Over 150 sites throughout the island were sampled by volunteers from 30 municipalities as part of a worldwide effort to gather data using citizen science efforts. The data they collect will be uploaded and become part of a global data set for the World Water Monitoring Challenge.

This was the eighth year of the program coordinated by the San Juan Bay Estuary Program (SJBEP). Prior governmental and NGO sponsors for this event included EPA Region 2 Caribbean Environmental Protection Division (CEPD), Puerto Rico Environmental Quality Board (PREQB), the Jobos Bay National Estuarine Research Reserve and the Puerto Rico Water and Environment Association (PRWEA). For 2016, EPA Region 2’s Division of Environmental Science & Assessment partnered with SJBEP and CEPD and sent two biologists to provide technical assistance and training on additional water quality parameters for citizen science.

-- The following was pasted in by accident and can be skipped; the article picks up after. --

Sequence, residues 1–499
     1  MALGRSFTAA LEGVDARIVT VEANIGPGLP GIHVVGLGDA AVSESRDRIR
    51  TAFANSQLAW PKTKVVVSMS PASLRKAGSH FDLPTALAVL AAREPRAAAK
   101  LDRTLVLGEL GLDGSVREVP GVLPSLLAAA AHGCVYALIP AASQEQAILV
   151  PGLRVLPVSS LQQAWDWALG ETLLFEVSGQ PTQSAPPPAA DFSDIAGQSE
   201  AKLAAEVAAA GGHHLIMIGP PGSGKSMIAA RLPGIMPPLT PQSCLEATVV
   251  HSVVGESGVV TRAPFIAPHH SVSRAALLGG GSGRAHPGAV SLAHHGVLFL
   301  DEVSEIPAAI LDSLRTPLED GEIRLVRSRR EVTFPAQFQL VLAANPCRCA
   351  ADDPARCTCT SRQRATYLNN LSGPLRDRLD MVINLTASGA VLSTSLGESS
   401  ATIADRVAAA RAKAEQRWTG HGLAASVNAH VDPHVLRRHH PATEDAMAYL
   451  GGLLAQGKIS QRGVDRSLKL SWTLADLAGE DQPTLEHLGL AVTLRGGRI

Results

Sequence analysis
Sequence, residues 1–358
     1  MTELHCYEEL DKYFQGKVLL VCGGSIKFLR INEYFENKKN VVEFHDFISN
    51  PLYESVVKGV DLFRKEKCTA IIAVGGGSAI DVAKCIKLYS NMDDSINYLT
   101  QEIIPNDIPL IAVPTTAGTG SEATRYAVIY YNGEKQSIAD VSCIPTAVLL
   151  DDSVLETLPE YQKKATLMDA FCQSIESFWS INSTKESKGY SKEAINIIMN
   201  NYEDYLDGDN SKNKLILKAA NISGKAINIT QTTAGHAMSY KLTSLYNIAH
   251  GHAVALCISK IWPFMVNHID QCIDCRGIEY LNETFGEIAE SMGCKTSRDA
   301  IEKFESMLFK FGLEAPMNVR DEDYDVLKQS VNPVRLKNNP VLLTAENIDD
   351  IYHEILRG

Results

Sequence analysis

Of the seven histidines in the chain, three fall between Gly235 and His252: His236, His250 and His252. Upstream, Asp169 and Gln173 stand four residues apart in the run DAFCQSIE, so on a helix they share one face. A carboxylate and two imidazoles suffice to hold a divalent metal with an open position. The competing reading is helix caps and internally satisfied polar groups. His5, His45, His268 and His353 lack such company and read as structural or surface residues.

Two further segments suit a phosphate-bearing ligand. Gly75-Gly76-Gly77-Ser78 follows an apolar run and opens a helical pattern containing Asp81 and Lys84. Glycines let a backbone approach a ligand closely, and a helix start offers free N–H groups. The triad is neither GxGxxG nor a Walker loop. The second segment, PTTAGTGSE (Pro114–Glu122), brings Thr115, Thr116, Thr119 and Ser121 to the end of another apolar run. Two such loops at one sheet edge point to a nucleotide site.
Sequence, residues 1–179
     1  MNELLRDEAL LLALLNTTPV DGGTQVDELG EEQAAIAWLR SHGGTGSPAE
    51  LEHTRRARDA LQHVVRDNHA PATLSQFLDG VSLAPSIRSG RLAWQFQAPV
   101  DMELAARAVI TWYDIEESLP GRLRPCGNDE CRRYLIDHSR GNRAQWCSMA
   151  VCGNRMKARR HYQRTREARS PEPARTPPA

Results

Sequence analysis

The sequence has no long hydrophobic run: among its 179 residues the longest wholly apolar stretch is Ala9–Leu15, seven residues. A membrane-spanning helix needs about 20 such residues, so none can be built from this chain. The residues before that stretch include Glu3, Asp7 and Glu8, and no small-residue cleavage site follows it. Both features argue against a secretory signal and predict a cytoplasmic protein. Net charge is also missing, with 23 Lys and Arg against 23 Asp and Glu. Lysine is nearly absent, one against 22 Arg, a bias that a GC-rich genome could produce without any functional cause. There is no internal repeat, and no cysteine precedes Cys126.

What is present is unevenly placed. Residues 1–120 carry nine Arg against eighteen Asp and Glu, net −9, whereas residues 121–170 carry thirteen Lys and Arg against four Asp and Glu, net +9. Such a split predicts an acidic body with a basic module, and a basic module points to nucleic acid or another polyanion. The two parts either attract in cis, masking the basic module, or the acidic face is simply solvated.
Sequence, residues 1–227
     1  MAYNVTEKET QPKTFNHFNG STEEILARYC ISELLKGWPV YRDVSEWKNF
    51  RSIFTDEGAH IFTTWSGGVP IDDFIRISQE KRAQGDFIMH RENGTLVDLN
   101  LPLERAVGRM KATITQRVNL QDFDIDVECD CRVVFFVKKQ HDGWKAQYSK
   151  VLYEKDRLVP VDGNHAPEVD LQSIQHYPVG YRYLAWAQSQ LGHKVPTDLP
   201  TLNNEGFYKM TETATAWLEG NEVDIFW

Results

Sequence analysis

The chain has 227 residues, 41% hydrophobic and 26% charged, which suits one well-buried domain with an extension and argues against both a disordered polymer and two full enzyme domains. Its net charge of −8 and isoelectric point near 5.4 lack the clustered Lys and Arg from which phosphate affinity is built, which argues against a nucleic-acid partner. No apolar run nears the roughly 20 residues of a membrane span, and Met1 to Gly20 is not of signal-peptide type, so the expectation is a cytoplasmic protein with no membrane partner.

For the Water Monitoring Challenge, group leaders were trained to use a standardized water quality kit to measure dissolved oxygen, pH, temperature and turbidity in weeks prior to the event and then pass this training on to their individual team participants. In 2016, EPA added two other important water quality parameters as a pilot – E.coli and benthic macroinvertebrates.